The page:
Scripture does not record any of Joseph’s words, but certainly doesn’t mean he never spoke.
“We do know of one word he said,” said Msgr. Cox. “We know the angel told him through the dream that he was to give the Son of God the name Jesus. So he would have spoken Jesus’s name on the eighth day.”
More dreams followed, along with more obedience.
“He was always listening, even in his sleep, to the voice of God,” said Msgr. Cox.
Joseph was willing to leave everything behind and flee into Egypt and the unknown in order to protect the Son of God and His mother.
Msgr. Cox surmised that Joseph was younger than he is often depicted in classical art.
“The flight into Egypt was a strenuous journey,” he noted. “Likewise, I think God would have wanted a strong and vigorous role model for His Son.”
In any case, the Holy Family’s relationship was unique in all the world.
“Jesus is the Son of God,” said Msgr. Cox. “Joseph is not his biological father. Yet, in every other way, Joseph is the father to Jesus. We know that he provided family, provided protection, was the safeguard of the home and taught Jesus a trade.”
He was spouse to Mary as well, but in way people do not generally think of.
“They loved each other but did not have the physical expression of love that most marriages have,” said Msgr. Cox. “She remained a virgin and he remained chaste in that relationship.”
Msgr. Cox spoke of when Mary and Joseph found the child Jesus among the teachers in the Temple, after searching for Him for three days.
It must have been hard for them to hear Jesus say, “Didn’t you know I was to be in My Father’s house?”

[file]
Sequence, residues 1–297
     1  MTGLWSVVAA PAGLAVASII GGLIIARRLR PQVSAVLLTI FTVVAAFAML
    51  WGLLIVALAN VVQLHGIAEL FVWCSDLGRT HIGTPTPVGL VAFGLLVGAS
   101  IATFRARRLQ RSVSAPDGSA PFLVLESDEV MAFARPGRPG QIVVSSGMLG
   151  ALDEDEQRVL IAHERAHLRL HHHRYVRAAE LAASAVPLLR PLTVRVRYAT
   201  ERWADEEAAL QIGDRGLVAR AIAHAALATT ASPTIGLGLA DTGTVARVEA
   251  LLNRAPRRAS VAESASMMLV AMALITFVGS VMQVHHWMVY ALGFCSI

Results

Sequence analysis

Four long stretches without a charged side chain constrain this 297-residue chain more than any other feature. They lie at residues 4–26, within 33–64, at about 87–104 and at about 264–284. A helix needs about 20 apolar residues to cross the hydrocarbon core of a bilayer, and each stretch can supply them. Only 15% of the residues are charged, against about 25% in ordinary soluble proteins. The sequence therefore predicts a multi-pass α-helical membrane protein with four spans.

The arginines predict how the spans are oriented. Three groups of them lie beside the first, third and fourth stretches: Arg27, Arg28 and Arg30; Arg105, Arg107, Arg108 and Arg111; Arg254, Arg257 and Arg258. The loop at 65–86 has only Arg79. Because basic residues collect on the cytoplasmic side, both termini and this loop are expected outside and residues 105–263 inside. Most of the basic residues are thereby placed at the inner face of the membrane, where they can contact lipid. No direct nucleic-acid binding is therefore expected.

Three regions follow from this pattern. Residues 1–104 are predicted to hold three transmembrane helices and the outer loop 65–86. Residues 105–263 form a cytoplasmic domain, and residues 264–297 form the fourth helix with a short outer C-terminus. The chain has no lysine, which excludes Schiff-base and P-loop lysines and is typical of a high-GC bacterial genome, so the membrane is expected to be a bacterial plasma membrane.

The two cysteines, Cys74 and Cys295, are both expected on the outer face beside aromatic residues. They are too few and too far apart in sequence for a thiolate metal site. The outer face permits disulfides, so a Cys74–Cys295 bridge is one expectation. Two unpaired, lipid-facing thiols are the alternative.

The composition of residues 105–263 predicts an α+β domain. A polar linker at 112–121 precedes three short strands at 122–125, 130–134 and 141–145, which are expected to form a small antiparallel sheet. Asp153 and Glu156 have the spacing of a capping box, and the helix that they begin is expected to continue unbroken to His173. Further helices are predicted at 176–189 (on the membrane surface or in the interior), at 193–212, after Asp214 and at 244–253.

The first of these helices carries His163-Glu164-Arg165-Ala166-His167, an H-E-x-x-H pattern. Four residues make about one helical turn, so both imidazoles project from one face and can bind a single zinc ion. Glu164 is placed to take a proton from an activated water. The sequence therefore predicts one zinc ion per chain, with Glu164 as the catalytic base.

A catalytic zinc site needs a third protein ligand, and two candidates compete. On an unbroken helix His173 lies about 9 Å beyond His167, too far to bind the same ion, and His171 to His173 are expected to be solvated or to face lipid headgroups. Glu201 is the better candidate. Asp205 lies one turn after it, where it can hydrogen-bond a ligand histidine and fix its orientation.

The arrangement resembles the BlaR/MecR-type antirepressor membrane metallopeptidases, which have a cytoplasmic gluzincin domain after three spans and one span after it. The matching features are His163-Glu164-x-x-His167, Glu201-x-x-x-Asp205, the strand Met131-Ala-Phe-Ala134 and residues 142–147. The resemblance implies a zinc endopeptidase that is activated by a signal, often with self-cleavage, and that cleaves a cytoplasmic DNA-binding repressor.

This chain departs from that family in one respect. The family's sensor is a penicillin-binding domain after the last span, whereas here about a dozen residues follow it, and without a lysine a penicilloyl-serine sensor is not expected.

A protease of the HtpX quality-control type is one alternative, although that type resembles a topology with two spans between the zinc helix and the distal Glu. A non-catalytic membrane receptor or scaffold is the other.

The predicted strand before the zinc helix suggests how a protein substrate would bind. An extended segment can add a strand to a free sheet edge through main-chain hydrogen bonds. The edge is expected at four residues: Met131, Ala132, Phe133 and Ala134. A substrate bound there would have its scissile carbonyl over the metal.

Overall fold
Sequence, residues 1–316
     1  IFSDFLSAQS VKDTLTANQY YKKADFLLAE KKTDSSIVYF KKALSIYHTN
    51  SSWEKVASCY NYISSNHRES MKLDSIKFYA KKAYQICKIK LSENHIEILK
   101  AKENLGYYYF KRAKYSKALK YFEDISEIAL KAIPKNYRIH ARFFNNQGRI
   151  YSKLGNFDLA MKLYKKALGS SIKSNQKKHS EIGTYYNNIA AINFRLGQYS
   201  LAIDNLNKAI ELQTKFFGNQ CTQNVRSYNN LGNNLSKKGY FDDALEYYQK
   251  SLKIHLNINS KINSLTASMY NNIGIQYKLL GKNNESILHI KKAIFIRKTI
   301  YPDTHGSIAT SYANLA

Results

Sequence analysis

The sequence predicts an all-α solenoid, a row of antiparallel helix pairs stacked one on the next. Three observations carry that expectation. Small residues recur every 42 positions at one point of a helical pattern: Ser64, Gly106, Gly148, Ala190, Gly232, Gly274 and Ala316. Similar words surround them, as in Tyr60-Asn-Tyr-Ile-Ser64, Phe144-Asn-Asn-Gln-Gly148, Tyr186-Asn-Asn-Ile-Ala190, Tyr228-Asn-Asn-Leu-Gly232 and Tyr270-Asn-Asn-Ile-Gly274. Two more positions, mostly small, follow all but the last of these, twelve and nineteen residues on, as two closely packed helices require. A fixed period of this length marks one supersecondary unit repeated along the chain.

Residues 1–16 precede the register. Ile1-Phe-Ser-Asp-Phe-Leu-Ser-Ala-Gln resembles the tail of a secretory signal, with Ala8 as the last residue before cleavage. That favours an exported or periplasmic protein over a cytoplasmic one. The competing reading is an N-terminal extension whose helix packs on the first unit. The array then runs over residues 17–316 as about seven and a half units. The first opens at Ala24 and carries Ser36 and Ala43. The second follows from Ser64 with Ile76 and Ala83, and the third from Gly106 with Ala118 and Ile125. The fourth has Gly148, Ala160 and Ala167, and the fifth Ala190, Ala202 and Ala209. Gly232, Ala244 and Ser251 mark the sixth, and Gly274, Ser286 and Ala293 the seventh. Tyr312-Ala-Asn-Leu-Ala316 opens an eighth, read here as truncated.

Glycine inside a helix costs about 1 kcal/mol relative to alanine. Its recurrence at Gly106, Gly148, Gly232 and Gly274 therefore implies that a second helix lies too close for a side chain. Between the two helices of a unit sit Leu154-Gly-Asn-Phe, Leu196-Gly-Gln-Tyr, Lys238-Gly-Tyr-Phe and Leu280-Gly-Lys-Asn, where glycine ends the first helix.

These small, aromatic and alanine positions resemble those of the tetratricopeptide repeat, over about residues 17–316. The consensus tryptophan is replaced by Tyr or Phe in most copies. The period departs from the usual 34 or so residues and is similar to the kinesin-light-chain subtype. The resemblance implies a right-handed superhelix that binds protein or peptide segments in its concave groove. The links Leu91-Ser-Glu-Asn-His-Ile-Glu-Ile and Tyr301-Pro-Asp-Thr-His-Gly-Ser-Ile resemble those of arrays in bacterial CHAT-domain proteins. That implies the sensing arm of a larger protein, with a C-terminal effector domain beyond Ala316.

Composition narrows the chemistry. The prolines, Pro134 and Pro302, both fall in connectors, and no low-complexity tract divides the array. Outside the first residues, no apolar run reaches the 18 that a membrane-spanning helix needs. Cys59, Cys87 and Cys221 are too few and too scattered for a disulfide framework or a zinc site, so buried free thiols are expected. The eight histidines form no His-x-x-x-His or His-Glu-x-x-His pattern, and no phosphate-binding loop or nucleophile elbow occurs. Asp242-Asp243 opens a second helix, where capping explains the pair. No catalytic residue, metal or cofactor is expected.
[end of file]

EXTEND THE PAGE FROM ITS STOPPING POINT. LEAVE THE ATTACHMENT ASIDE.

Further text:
“Joseph had been a father figure to Him,” the priest noted. “But they were aware that He was the Son of God. They both knew the day would come for Jesus to do what God intended Him to do.”
That’s the last time Joseph is mentioned in Scripture, indicating that he probably died before Jesus began His public ministry.
“Tradition holds that Joseph died in the arms of Mary and Jesus,” said Msgr. Cox. “For that reason, he is honored as the patron saint of a happy death.”
That moment would have been the crowning of his ultimate “yes” to God.
“And now he’s also patron of the Universal Church,” said Msgr. Cox. “He’s been given the task not only to watch over the Holy Family but out watch over the whole family of the Church.”
After Msgr. Cox’s reflection, parishioner Natalie Clark sang the song she composed called “Joseph,” accompanied on guitar by her father, Jim Clark.
Msgr. Cox and Fr. Etonu then heard people’s confessions.
Msgr. Cox said he started to realize that Venerable Fr. Tolton, whom the Church is seriously considering naming a saint, had preached on the same subject, on the same feastday in that same church.
“I was standing in a very holy place where a venerable person stood, on this same day over 120 years ago, likely preaching to the ancestors of some of the people who were in the church with me,” he said.
“It was a very humbling experience to be able to do that.”